Win a Date with Tad Hamilton

The 2004 movie Win a Date with Tad Hamilton! (written by Victor Levin) is a sweet and well-done (if occasionally predictable) romantic comedy. It includes its share of snappy one-liners, such as the archetypal male reaction to a much-too-long female description of the title date — "Wow. I cannot remember a time before you started telling that story." — the cynical agent's explanation of why Tad Hamilton can't get the girl — "You're too different. Your values are different. For example, she has them!" — and the girl's angry plan for revenge — "I am going to kill that Pete, bring him back to life, and then kill him again!".

But there's also some fine advice offered by one of the less-major characters, a tattooed bartender/advisor named Angelica. At a key moment she counsels one of the protagonists, Pete:

So how much do you love her? Is it love, big love, or is it great love?
         Like, what do you mean?
Well, love you get over in two months. Big love, two years. Great love ...
Great love changes your life. ... Oh, my God. It's great love.
         ls that great?
Well, you got to win her back.
         Angelica, trust me, I have tried everything.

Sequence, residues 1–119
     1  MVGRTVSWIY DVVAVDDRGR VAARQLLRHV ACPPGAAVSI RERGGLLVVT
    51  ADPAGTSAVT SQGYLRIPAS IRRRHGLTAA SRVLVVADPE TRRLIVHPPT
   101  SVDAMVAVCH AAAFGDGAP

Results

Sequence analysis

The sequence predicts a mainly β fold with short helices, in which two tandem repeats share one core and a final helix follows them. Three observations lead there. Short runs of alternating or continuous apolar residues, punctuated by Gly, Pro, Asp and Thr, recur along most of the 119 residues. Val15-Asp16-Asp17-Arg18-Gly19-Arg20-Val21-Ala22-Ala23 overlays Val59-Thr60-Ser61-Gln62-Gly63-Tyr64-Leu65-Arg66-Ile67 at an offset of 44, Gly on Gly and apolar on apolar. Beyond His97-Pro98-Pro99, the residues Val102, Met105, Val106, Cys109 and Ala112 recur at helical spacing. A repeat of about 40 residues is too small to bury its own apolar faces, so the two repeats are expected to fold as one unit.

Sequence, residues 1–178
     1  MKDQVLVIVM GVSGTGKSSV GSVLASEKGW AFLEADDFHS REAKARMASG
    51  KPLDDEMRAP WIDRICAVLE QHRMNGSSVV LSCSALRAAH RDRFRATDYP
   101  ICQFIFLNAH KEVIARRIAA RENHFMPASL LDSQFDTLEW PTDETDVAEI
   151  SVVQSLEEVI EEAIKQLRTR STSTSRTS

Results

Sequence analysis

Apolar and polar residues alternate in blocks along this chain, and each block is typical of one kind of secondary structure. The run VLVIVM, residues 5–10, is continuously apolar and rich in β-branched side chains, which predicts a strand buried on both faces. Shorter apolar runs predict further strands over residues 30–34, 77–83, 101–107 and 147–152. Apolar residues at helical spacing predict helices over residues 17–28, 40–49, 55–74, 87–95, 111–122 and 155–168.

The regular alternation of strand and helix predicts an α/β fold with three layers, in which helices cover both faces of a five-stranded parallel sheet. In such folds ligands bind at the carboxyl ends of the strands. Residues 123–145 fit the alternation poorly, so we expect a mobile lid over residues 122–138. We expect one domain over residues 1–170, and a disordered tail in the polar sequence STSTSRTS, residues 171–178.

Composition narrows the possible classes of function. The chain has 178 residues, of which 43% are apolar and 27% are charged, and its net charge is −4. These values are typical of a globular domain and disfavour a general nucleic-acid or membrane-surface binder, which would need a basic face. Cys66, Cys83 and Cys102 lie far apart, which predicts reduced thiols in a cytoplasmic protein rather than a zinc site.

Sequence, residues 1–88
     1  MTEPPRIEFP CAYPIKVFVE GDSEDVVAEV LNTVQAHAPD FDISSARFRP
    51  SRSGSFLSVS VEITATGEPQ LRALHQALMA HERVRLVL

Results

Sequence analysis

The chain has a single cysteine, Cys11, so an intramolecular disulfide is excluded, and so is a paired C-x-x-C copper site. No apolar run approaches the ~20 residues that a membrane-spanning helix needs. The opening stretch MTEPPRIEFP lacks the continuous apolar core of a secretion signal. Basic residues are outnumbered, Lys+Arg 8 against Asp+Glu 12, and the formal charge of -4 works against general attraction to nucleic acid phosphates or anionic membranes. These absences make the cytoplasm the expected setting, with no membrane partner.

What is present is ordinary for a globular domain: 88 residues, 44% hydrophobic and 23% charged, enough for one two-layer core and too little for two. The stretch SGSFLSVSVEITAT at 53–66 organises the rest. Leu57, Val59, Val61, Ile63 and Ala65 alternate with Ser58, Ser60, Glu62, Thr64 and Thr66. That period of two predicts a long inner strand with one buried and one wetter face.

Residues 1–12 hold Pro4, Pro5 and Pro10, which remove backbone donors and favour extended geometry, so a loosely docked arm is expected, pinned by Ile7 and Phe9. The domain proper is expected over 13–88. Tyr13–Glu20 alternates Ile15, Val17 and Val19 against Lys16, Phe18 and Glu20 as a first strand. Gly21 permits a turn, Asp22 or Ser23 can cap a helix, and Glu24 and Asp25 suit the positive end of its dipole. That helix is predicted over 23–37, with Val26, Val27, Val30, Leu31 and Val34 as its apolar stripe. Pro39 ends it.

What did she say when you told her that you love her?
         Well, uh, actually not everything, but ...
What did she say when you kissed her?
         It's more like, uh, two things I haven't tried.
Well, what have you tried?
         I have very unsubtly implied how I feel about her.
OK, get up.
Get your ass off the barstool.
Hey, if you feel it and you don't do everything in your power to reach for it, you are basically slapping life in the face.
         I hate to break it to you, but I don't stand a chance here, OK?
As my father told me when I said I'd never get that job in a bar, "Honey, your odds go up when you file an application."
         Sure, but I'm up ... against ... Tad Hamilton.
You are Tad Hamilton.
Don't you see? Everybody's Tad Hamilton to somebody, Pete. Rosalee's Tad Hamilton to you. And you're Tad Hamilton to me.
         Angelica, thank you.
So start acting like it.
         OK. Yeah, OK. ... You are a really good bartender!

A bit later, Angelica similarly helps get the female protagonist back on track:

I cannot believe I am taking my work home with me. When great love is rejected, Rosalee, something inside a man dies. So all he can do is run away, where he can meet the girl he'll love second most. Unless ...
         Unless what?
Unless you can get to him before he closes the book on you. But once it's closed, it's closed. It's finished. It's gone, dead. It's crushed. It's beaten. It's buried. It is lost for all of time in a sea ...
         I owe you.

(see [1] for some excellent movie scripts; the above fragments were corrected by ^z; cf. Must Love Dogs (2006-08-27), ...) - ^z - 2008-06-30

(correlates: GreatWriters, OnComfort, ReallyGreat, ...)